When setting up a new web venue for the first time you could be easily forgiven for thinking that building your website would be your biggest hurdle, but it’s really not.

I was just browsing our industry news when a post on ReadWriteWeb popped up and really rang true for me so I thought I’d share it here for anyone who’s started or maybe just thinking about starting up a new web based company. There are some great tips for pre, during and post launch – worth a read even if you think you know it all already.

There’s lots of tips there that we pass to clients – for example, when a start up doesn’t have budget for all the features they’d like from the offset, we suggest rolling out development in Phases. That way, cash flow is easier to manage, and you’ve got something to keep going back to your audience and telling them. ReadWriteWeb talk about “releas[ing] often” – by adding features continuously, you can launch sooner (but not too soon!) and be getting your business established, but keep showing your audience that you take the features of your service seriously and so are constantly improving them/adding to them.

I won’t bother with repeating the whole article, but in case you read it and aren’t sure what an API is, this is just a way for websites to share information between each other. It stands for “Application Programming Interface” and allows interaction between different online applications/services/websites.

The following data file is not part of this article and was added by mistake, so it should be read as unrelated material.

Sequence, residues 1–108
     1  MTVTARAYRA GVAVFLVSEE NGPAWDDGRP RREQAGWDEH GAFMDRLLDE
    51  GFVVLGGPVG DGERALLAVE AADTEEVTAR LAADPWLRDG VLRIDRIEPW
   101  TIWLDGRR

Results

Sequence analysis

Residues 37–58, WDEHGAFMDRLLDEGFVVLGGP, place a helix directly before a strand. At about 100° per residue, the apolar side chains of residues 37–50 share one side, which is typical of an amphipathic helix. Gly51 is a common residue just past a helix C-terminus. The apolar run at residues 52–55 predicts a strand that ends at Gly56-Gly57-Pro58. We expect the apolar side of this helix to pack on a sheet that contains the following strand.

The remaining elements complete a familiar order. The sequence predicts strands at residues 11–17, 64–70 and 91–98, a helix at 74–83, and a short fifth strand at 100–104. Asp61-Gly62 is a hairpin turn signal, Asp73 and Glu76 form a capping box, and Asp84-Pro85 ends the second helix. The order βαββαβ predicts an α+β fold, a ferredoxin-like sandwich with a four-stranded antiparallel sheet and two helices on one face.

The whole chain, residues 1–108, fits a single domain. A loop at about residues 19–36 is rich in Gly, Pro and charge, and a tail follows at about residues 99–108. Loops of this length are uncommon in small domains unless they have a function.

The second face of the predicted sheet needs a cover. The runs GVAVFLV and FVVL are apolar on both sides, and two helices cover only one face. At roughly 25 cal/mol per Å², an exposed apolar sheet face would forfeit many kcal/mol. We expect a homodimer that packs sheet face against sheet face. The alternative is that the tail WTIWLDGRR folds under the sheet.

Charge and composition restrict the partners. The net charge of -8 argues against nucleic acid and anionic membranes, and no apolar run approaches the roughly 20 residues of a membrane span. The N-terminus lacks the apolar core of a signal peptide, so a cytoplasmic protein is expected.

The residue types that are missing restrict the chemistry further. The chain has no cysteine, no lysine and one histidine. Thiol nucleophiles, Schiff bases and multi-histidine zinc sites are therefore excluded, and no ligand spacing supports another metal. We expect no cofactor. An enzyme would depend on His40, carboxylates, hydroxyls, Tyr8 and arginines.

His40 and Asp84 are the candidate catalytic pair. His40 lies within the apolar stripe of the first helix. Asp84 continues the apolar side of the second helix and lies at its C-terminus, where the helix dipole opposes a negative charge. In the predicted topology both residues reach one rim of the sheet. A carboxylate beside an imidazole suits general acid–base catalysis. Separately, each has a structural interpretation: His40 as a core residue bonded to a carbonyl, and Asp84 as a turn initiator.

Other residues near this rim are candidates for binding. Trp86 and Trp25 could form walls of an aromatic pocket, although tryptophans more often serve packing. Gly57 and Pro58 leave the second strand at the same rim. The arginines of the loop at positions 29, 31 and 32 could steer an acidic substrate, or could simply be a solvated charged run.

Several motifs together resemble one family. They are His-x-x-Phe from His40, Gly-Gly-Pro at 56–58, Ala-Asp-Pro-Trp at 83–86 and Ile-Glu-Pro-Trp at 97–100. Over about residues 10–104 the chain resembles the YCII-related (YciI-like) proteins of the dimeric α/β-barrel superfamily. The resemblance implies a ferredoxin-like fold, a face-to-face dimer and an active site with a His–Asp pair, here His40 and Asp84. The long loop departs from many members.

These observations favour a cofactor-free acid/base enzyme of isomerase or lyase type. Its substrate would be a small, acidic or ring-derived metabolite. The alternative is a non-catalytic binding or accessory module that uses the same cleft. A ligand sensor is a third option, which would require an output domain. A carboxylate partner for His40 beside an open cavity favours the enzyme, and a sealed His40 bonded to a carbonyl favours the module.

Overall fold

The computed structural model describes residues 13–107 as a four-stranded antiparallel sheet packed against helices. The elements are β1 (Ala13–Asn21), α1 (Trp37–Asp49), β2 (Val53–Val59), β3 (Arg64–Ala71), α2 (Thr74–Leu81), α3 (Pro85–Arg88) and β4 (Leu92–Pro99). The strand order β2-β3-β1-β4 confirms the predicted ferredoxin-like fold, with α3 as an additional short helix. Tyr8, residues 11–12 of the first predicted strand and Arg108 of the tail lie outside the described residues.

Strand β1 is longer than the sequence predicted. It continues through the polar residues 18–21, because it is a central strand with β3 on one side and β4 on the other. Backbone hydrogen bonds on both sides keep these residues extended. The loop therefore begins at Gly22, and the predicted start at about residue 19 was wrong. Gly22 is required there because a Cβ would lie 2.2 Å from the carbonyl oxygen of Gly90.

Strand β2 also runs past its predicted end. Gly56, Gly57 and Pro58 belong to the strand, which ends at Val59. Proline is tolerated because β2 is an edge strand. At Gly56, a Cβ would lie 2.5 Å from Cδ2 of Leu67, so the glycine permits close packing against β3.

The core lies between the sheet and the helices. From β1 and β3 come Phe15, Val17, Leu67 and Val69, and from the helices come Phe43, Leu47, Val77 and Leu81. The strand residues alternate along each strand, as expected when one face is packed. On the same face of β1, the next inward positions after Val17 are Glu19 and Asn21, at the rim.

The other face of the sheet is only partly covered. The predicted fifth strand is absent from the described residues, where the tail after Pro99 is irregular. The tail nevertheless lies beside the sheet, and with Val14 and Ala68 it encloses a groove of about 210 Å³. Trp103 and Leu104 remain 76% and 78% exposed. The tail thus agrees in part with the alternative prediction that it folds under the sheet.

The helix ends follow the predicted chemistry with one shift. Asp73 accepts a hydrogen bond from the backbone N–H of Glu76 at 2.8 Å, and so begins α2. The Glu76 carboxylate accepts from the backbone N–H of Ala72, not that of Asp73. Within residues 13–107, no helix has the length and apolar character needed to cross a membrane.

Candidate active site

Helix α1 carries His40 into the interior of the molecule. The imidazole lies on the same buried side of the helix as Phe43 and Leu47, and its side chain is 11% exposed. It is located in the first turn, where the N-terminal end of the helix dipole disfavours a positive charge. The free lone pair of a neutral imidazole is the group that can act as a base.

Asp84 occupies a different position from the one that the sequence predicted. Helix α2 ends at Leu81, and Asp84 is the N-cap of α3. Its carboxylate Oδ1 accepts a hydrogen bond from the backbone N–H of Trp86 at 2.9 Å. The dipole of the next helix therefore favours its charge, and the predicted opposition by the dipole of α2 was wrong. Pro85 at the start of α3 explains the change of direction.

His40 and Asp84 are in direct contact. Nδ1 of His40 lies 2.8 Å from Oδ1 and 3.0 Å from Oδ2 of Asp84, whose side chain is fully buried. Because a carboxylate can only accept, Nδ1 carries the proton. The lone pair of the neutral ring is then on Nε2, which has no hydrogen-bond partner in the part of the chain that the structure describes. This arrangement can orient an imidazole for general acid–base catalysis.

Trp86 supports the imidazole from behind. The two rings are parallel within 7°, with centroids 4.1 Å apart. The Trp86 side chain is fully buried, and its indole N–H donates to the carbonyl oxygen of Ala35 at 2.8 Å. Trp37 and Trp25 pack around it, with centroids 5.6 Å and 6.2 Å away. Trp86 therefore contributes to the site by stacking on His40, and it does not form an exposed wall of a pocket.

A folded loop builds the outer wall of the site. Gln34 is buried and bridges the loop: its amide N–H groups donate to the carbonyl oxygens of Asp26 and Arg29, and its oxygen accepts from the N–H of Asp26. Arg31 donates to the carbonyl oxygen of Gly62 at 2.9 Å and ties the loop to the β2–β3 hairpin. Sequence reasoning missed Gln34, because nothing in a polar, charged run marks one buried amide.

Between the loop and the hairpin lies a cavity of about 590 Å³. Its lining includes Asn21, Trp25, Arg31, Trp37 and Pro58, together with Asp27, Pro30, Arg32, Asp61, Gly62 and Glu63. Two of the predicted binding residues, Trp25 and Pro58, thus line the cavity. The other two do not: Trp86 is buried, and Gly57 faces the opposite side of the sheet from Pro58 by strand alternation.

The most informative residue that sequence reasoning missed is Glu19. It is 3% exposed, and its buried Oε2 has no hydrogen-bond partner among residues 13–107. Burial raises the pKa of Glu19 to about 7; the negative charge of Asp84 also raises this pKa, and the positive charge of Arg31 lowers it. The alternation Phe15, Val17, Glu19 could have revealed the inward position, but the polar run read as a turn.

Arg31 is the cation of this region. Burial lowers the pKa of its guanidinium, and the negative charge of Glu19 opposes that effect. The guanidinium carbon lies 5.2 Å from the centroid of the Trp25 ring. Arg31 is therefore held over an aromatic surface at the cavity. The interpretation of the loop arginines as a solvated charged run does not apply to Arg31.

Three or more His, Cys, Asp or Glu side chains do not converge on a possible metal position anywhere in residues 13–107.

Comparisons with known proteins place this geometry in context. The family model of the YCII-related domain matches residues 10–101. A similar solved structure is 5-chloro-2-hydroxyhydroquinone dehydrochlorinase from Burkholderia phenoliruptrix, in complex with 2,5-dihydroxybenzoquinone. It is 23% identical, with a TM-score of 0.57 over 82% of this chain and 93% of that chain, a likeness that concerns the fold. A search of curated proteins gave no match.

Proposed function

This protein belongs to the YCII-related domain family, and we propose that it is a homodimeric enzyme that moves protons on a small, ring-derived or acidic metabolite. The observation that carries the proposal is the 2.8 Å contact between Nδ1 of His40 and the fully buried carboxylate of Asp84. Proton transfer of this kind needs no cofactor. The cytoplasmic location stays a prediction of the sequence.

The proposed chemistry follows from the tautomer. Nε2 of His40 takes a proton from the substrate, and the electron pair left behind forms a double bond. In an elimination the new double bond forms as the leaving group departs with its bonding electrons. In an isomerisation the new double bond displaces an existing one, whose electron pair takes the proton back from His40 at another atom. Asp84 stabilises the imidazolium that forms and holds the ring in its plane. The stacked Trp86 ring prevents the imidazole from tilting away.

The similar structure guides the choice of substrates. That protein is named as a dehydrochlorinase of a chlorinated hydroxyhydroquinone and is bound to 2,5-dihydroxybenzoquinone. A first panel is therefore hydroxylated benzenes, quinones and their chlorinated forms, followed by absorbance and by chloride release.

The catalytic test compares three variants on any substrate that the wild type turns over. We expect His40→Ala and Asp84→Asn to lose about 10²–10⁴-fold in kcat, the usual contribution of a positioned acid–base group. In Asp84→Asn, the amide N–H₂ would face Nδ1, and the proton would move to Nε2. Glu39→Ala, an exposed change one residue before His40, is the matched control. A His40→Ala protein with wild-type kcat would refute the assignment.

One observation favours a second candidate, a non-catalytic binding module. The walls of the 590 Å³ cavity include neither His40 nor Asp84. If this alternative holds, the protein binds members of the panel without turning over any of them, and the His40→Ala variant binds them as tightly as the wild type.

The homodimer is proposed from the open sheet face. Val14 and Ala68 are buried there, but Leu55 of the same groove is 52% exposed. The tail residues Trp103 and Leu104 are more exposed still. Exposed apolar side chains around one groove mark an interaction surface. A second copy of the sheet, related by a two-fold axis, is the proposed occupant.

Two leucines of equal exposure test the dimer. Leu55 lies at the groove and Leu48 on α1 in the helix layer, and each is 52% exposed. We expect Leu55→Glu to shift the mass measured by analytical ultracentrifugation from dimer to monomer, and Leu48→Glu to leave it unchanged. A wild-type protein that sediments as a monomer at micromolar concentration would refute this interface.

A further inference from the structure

For example, we intergrated the Ebay API on Stuff2Send.com. This means if someone is adding an item that needs delivering, and the details are already written up on Ebay, they can just enter it’s Ebay reference number, and using the API, Stuff2Send.com can go to Ebay, collect all the information about that item, and publish it on it’s own site. This saves the User having to spend time rewriting what’s already been published on the web elsewhere.

Similarly, our site naturalbornshopper.co.uk use the YouTube API, to show video reviews of products – the social shopping site looks to YouTube and checks for reviews on the title of the product (an example here for ipad covers) and displays them on the item details page for shoppers’ reference.

On the other side of the fence, we’ve also built APIs. If you want your mailing list to update automatically when people join your website or similar, then the 18a mail mailing list API lets you do that. The API can even let you send newsletters automatically, using content on your website in a template to send emails to your mailing list how ever often you want to. Contact us for more information.

The reason APIs can be good for your start up is that they allow your information to be passed around the web, via other developers’ sites who may wish to make use of your content/services. Yes, you might be giving something away, and other sites/businesses can benefit from it for free, but overall it’s still raising your profile and you can ensure that the API references you/makes the end user aware of your site.